Have you ever wondered what all those numbers and letters mean when looking at an E-bike? The ones you read on a spec sheet or the ones printed on a itty-bitty font on a battery or electric motor. If you’ve ever wondered what all this information mean, don’t worry you’re not alone in this confusion.
Let’s start by explaining what these letters mean. These letters are symbols used to represent a specific measurement of electrical energy. The three most common symbols when looking at a bikes are “V” for Volts, “Ah” for Amp Hours, and “W” for Watts. Volt, or voltage, also referred as electric pressure, is the measured strength of electricity flowing through a circuit. To understand amp hours let’s first learn a little bit about amps. Amp, or ampere, is a measurement of how many electrons are flowing past a given point in one second. Amp houris a unit of electric charge measured over a period of time, or in simpler terms the potential charge capacity. Watt is the overall measurement of potential power that can be generated or used.
Understanding these definitions leads us to the question, “how do these numbers relate to my bikes performance?” One analogy for understanding is with cars or any other gas-powered vehicle. Think of volts as horsepower, affecting speed and acceleration; amp hour as the gas tank, affecting the writing range of each full charge; and Watts as the engine size, affecting the engine’s maximum power output. In general the bigger the number the better the performance. The higher volts increased torque and acceleration, helpful for easily reaching higher speeds. The higher watts increase the overall power of the engine, ideal for heavy loads and climbing hills.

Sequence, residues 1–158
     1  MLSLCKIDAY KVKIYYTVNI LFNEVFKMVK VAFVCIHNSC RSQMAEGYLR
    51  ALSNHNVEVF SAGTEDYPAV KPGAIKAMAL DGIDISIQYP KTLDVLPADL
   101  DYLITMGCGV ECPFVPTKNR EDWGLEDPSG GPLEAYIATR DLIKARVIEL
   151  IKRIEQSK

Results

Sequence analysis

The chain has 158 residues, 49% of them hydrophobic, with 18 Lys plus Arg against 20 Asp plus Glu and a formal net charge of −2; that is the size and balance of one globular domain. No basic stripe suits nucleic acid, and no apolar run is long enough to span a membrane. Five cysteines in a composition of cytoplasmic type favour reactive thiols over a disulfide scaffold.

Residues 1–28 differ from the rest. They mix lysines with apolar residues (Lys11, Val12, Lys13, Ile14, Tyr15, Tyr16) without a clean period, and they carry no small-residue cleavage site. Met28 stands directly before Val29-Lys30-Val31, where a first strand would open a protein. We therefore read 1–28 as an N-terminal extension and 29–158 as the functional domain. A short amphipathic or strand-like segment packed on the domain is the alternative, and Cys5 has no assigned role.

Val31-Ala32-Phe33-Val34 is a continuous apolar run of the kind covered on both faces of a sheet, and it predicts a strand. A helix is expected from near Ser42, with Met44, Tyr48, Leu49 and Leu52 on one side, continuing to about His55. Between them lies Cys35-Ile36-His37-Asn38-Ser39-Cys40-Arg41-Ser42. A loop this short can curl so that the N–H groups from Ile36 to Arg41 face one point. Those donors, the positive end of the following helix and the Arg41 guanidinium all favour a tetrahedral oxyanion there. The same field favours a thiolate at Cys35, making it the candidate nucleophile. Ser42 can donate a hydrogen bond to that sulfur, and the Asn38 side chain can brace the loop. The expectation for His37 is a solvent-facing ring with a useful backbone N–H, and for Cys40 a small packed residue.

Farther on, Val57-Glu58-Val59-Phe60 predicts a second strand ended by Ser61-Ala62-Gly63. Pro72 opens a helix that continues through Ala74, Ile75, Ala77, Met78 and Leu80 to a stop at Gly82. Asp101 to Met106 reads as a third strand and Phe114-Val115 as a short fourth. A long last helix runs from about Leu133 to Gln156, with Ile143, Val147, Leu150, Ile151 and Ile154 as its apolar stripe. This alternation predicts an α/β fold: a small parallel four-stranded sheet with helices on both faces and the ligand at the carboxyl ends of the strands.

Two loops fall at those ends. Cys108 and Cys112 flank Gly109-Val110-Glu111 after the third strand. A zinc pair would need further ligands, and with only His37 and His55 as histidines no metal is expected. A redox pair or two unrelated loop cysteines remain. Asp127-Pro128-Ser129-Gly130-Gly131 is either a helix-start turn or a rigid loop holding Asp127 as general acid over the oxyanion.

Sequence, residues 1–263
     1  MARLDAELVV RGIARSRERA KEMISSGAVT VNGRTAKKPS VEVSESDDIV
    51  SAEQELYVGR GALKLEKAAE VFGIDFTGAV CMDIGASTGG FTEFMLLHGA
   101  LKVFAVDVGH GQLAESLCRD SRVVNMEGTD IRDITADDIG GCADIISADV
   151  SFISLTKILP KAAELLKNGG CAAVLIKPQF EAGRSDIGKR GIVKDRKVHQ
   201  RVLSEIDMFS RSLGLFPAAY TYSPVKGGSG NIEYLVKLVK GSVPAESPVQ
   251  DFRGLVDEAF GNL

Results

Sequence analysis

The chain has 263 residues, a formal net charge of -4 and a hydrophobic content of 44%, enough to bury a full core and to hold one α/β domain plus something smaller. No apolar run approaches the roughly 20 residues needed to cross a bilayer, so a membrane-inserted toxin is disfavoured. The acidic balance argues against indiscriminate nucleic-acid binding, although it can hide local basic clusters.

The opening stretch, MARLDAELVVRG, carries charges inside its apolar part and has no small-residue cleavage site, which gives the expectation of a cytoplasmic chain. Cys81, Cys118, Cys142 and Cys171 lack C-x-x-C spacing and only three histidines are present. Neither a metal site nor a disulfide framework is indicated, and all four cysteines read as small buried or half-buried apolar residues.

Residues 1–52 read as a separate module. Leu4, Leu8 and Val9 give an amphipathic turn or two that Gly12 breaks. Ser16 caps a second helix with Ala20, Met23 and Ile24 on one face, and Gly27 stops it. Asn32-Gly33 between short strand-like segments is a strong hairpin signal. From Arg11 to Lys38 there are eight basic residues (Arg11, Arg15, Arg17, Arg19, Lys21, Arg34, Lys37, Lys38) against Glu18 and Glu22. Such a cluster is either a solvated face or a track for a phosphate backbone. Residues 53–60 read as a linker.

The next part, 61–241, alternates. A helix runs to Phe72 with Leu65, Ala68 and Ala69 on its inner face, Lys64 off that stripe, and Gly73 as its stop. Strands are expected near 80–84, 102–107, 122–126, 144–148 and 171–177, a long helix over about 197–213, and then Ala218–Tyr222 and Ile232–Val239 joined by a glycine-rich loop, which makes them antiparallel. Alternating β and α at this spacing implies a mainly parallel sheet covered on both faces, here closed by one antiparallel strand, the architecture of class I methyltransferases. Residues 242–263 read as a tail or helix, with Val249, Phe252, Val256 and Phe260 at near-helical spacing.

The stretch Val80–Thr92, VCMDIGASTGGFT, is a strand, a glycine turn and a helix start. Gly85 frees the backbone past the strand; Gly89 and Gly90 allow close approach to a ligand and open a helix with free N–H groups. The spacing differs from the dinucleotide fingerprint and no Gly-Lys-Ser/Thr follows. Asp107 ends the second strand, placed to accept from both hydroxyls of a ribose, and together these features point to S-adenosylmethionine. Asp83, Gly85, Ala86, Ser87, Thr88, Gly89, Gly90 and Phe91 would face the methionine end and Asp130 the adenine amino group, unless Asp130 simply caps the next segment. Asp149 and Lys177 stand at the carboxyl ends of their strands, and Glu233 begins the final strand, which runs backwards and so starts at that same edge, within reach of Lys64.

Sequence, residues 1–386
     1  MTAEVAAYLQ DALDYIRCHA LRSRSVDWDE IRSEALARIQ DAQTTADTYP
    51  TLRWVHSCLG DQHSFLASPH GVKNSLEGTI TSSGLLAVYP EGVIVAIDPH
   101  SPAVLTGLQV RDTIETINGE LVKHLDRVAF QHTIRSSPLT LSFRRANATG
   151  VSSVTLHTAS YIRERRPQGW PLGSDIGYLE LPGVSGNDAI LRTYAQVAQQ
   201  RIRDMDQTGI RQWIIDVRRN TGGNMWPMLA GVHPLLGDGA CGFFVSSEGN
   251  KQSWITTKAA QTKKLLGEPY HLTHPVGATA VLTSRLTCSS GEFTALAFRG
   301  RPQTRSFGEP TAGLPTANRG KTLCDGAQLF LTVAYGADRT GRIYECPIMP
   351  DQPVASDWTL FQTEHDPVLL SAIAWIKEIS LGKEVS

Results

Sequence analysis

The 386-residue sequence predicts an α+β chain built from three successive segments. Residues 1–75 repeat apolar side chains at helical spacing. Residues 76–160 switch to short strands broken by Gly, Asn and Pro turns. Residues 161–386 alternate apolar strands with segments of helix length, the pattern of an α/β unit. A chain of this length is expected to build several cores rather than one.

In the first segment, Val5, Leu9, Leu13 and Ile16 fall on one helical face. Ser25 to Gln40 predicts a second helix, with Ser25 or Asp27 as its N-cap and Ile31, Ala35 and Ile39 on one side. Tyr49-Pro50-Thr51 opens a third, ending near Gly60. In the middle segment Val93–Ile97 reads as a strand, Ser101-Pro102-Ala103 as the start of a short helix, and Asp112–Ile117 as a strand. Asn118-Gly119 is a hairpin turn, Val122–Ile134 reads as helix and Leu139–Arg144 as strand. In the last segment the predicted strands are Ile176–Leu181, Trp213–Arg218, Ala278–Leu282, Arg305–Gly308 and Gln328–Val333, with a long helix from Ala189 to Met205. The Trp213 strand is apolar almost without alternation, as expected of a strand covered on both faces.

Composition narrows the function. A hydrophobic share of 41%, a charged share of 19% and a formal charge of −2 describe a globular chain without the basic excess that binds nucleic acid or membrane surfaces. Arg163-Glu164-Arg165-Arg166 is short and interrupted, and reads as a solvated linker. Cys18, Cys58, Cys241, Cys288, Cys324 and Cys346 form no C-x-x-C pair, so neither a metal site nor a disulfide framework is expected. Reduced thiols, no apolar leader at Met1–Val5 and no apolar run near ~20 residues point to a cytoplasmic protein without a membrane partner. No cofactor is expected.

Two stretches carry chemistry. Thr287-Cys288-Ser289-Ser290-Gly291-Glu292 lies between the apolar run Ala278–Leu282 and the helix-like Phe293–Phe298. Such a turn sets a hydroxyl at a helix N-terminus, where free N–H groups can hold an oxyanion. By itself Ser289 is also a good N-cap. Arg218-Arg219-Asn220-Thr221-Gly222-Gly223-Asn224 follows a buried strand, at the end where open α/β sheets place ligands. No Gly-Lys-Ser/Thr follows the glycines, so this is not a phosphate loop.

With this newfound understanding let’s look at some of the common options. there are three common volts when looking at batteries and engines. 24, 36, and 48 volts can easily be found, 36 volts being the most popular. If looking for a nice casual cruise around the neighborhood or at the beach, 24 volts is the perfect cruiser. If higher performance is more to your liking, 48 volts will have you speeding down the street in no time.
Moving on to the engine size, if you’re a bicycle purist looking for a little pedal assist, 250 watts is a great compact choice to give a boost to your biking experience. if you’re really looking at climb hills or carry a large haul, larger engines like a 500 or even a 1,000 watt have all the power you need.
In general the larger the amp hours the longer you’ll be able to ride. Though, this usually means a bigger and heavier battery.
For more visual learners, check out our video explaining volts, watts, and amp hours.